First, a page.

Layer protection

Credentials must be protected in a secure credential store. A credential store helps users protect secrets needed to access applications, services, and IT resources. Using a credential store allows users to have a single repository of all secrets, allowing for easier management to protect, rotate, manage, and utilize secrets across applications, services, and other protected resources.

Since a single credential store might store all of your secrets, it is imperative that the credential store is protected. To protect your credential store, limit access to only the people and resources that require access. You’ll also want to encrypt the contents with strong encryption algorithms and robust logging, monitoring, alerting that will enable rapid incident response.

Key rotation

A best practice is to assume that your credentials will be exposed eventually. Mitigate this assumed risk by establishing a key rotation schedule. Scheduling key rotation reduces the window of time that a compromised credential can be used by unauthorized users. Key rotation is usually prompted by specific actions, such as the key holder relinquishing their need-to-know role, or the length of time that a key has been in service. Amazon recommends automatically rotating keys at least every 180 days.

Maintaining private code repositories

A public repository exposes your code to the world, making it available to competitors and attackers alike. This presents a significant risk of exposing your company’s normal operations. For this reason, Amazon recommends that in addition to following the recommendations in this whitepaper, you also ensure that your repositories remain private.

You can help protect credentials and sensitive assets by maintaining private code repositories. Note, that this is to further protect your assets. A private repository will not fully protect your credentials and is not a substitute for implementing the recommendations in this whitepaper.

If you are a developer who uses GitHub as a primary code repository hosting service, you should refer to Setting repository visibility in GitHub’s documentation to learn how to make your repositories private. You should also consider leveraging built-in features from these services including automatic code scanning to detect credentials and encrypting secrets natively.

Guidance for Amazon Web Services (AWS) Customers

The following is guidance crafted by Nathan Case, an AWS Security Strategist, who advises AWS customers on protecting their credentials.

When you build applications on AWS, you can use AWS IAM roles to deliver temporary lived credentials for calling AWS services. However, some applications require longer lived credentials, such as database passwords or other API keys. If this is the case, you should never hard code these secrets in the application or store them in source code.

You can use AWS Secrets Manager to control the information in your application. Secrets Manager allows you to rotate, manage, and retrieve database credentials, API keys, and other secrets through their lifecycle. Users and applications can retrieve secrets with a call to Secrets Manager APIs, eliminating the need to hard code sensitive information in plain text.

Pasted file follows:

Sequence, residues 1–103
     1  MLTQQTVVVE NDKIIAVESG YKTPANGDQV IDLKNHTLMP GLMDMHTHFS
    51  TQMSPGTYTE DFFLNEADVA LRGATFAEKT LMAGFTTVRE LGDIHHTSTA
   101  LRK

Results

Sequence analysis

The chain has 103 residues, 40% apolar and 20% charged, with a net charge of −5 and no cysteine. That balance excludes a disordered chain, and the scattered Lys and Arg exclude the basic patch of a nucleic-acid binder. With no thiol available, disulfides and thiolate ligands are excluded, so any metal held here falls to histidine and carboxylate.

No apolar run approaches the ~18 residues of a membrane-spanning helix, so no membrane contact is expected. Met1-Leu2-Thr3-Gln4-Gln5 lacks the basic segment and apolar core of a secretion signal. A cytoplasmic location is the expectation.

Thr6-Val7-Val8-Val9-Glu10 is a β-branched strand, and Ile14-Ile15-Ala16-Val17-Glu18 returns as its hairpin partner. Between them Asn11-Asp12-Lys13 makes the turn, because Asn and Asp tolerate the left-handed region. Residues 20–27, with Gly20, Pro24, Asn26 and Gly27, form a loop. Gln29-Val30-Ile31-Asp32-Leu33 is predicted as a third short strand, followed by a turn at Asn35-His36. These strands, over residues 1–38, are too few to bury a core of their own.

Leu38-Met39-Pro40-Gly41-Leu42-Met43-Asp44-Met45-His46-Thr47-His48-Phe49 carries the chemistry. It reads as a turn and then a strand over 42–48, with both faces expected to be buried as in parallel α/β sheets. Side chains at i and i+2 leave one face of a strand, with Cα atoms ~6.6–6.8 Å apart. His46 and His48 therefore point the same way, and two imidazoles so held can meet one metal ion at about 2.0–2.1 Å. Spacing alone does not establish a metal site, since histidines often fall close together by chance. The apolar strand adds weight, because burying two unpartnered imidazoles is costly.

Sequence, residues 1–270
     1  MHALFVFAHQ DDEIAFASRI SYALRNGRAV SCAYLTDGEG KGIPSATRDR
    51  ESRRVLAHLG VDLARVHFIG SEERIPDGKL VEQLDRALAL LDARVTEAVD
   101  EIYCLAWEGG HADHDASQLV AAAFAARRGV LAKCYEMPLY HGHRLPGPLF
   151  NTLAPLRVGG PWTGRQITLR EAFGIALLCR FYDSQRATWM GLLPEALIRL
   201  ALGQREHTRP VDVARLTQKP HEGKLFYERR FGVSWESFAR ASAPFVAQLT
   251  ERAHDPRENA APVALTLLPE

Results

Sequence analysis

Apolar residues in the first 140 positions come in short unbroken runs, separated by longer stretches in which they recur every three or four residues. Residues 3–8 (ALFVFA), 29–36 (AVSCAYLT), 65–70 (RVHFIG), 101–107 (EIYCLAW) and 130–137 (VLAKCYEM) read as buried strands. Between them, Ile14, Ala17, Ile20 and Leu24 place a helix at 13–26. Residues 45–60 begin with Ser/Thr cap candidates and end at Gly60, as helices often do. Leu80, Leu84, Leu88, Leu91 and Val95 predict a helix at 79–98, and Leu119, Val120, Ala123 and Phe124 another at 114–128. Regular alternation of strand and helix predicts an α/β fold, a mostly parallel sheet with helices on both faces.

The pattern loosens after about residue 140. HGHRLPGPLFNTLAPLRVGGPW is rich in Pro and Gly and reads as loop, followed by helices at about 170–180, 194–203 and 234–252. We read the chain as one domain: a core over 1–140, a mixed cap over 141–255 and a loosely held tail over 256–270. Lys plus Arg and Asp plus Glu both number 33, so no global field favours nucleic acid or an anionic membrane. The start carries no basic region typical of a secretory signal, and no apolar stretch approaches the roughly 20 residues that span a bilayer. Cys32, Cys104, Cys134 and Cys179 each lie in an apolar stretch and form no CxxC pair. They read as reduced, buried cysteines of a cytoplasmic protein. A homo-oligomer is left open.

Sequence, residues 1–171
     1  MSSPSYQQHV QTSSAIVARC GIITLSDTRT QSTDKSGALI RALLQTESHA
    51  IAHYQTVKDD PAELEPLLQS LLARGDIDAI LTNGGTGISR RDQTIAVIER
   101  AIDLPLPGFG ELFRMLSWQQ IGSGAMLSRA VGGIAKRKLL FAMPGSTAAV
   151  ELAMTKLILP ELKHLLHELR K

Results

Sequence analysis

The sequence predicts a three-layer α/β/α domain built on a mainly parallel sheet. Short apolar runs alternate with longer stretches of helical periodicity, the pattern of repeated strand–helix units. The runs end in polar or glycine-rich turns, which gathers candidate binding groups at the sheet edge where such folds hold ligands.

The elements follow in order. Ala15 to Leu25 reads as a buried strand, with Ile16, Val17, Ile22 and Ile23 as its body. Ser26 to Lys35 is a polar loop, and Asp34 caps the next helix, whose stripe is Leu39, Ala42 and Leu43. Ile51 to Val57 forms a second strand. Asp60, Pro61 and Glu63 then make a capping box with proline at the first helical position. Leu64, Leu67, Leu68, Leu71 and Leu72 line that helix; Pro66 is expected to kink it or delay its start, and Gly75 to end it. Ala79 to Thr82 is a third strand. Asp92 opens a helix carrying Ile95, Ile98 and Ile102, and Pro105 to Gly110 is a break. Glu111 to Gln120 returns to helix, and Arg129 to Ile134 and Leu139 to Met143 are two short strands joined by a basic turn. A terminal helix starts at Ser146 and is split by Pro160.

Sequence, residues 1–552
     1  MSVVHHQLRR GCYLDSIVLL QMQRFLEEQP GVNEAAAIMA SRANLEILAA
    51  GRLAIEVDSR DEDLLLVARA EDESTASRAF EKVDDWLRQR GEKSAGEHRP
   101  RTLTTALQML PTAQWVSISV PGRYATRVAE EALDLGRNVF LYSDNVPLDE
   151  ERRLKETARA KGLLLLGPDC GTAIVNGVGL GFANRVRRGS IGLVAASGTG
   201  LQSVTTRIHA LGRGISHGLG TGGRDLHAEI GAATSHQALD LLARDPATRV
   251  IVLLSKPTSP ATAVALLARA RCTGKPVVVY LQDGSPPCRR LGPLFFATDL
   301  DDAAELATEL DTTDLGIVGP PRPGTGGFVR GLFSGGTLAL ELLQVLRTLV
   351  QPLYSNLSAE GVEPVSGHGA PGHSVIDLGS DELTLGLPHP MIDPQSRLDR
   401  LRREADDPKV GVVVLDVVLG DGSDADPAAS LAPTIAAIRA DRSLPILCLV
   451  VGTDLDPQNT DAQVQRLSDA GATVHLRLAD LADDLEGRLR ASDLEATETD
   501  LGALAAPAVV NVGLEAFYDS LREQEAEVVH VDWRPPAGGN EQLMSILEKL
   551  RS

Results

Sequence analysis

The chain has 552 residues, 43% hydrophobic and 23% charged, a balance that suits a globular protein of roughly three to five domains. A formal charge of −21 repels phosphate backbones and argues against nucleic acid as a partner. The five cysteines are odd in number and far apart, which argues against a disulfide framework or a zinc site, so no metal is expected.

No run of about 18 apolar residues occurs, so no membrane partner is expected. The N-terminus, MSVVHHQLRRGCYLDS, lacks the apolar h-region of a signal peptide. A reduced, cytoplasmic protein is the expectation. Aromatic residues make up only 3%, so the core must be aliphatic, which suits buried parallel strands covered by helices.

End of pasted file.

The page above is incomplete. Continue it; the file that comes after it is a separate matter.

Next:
You should also learn how to use AWS IAM roles for applications running on Amazon EC2. Also, for best results, learn how to securely provide database credentials to AWS Lambda functions by using AWS Secrets Manager.

While this information is tailored to issues AWS customers face, other cloud provider customers or developers with an on-premise environment can also leverage equivalent services to achieve the same goal.

AWS Secrets Manager helps you manage, retrieve, and rotate database credentials, API keys, and other secrets throughout their lifecycles. Refer to the AWS Secrets Manager documentation for a basic scenario for using AWS Secrets Manager, tutorials, and guides.


By following the best practices outlined in this whitepaper, such as layer protection, rotation of encryption keys, and the use of private code repositories instead of public ones, you can help ensure that your data and applications are safe. Do not sacrifice security over speed, as it is beneficial to have a robust software development life cycle that integrates security as a top priority to ensure that a secure product is launched on time.

Further reading

For additional information, refer to:


Amazon sellers and developers are responsible for making their own independent assessment of the information in this document. This document: (a) is for informational purposes only, (b) represents current practices, which are subject to change without notice, and (c) does not create any commitments or assurances from Services LLC (Amazon) and its affiliates, suppliers or licensors. Amazon Services API products or services are provided “as is” without warranties, representations, or conditions of any kind, whether express or implied. This document is not part of, nor does it modify, any agreement between Amazon and any party.